Starting with one of them as an experimentation platform and evaluating them against your requirements is a necessary step.

As for why so many choices, I think it's because a strong "Not Invented Here" syndrome prevails in all the big open source backer companies, coupled with engineers' motivation to create. Creating is tough, whereas reusing is meh.
Often, a framework does most things well, but is weak in some aspects due to core design decisions. Improving it may not be feasible. In such cases, there is no alternative but to come up with a new implementation from scratch with different concepts to overcome those weaknesses.
Haven't we all re-implemented some things even when we knew they are already implemented, just for the thrill of it?
Piotr Nowicki
Ranch Hand

Joined: Jul 13, 2010
Posts: 610

Shane Magrath wrote:This is what confuses me: why are there so many choices?

Some level of choice is good, but too much is not helpful. Why choose TomEE when Glassfish is already a viable OpenSource choice? Maybe it's a licensing thing, but ...

I'm not really competent enough yet to pick the important differences but my feeling is to back the Glassfish platform and get my hands dirty. Maybe then I'll be able to appreciate the differences of Spring vs JavaEE vs ... at this stage, I just don't want to pulled into the machinery and crushed by all the moving parts!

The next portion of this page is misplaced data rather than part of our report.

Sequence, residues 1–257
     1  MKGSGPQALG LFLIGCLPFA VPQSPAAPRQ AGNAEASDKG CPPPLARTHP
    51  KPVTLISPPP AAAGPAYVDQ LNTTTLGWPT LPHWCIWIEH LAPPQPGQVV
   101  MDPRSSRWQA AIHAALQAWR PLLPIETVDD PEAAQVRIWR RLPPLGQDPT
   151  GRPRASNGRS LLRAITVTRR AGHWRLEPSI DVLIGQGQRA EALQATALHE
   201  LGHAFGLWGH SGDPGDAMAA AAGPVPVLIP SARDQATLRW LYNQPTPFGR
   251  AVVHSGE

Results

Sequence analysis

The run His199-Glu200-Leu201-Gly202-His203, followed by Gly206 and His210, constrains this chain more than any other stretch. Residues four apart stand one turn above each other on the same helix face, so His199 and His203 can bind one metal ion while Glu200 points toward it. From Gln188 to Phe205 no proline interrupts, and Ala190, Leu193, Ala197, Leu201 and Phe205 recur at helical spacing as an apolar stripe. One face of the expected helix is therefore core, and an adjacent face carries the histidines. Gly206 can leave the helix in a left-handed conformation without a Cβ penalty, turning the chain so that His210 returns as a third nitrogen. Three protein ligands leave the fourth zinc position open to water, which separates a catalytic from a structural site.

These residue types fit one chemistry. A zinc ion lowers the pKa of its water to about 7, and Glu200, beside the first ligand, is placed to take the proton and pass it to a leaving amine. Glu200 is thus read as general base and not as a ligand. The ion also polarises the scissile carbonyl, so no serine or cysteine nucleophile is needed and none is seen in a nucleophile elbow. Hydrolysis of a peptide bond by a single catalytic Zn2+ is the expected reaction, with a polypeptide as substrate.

The point is - talking about Java EE - you should just develop your application by obeying to the specification - this is your job. The platform in which you run your application should not be your concern (theoretically speaking). The way you develop your application depends on the Java EE specification - not the server specification. In this way different vendors can compete to give you the fastest, most scalable, easies to maintain, robust environment for your application.

The Glassfish 3.1 and JBoss AS 7 are really lightweight and fast. Glassfish 3.1 is Java EE Full Profile certified and JBoss AS 7 is Web Profile certified (altought it adds some of the Java EE Full Profile features). TomEE is just Web Profile.
Shane Magrath
Greenhorn

Joined: Oct 21, 2011
Posts: 4
All good comments, thanks.

Anyway, will push on and "slay the dragon"...

:-)
 
 
subject: Newbie Question: Java EE vs Tomcat+Hibernate+Struts